Herman Melville’s “Bartleby, the Scrivener: A Story of Wall Street” (1853) is a rather odd short story about an unnamed lawyer who tries just about everything to indulge then evict an obdurate clerk in his employ. It’s somewhat peculiar in that the writing is crisp and humorous while its main themes are isolation and the fading away of a man who seems to have given up on himself and all else. Walls—in offices, buildings, and the “Tombs” (municipal jail in Manhattan)—appear to symbolize Bartleby’s self-limitation and eventual demise. I particularly liked it for how Melville made his description of Bartleby frustrating for us, in that it's vague because the narrator doesn’t really know who this despondent fellow is or was, or why his scrivener behaves the way he does, giving us plenty of time to try to work these things out for ourselves, and perhaps to try a little to empathize with this puzzling character, before more is revealed on the final page. Very good.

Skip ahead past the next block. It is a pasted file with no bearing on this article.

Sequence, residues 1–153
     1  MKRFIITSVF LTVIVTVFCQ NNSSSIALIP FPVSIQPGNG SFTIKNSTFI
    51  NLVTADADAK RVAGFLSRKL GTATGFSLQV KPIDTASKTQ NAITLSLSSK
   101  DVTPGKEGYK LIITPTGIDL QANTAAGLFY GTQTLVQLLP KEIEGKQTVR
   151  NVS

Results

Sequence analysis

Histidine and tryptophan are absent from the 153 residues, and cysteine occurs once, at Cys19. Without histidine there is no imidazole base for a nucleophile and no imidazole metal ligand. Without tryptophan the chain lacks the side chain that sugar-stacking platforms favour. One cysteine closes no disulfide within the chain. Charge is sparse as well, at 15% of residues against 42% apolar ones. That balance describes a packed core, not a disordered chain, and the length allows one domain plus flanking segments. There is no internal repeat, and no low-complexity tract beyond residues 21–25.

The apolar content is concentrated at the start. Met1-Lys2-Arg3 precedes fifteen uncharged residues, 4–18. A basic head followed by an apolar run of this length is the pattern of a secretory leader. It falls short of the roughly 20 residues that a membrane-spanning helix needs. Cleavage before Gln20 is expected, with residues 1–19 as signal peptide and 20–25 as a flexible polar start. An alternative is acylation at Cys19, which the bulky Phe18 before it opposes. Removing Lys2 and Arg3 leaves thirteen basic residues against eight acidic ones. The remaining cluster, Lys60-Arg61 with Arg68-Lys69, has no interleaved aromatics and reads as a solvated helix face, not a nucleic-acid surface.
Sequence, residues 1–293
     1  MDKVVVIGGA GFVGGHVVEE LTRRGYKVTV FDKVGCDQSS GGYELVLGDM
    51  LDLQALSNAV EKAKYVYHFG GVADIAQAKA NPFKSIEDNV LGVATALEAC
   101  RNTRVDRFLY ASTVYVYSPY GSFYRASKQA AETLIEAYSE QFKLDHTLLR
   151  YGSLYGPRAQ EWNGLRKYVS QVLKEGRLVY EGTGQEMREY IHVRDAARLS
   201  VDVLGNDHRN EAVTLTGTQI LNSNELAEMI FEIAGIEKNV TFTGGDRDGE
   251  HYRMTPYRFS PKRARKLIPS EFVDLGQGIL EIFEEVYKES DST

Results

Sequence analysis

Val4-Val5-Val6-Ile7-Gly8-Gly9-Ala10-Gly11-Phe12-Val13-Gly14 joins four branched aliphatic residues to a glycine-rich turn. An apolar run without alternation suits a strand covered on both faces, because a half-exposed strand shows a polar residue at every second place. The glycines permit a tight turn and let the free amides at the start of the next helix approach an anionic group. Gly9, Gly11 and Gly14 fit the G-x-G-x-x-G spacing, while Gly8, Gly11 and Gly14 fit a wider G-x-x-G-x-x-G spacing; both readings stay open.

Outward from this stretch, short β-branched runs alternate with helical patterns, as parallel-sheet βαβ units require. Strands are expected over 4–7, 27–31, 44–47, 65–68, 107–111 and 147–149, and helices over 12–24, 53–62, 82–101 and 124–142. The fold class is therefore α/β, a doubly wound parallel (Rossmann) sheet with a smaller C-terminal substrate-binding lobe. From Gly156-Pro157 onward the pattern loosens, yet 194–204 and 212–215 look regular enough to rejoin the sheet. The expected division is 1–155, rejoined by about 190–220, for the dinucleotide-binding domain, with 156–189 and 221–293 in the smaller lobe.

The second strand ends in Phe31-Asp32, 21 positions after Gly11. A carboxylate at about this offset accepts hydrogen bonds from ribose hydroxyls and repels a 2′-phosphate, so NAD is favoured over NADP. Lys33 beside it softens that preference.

Bartleby, the Scrivener
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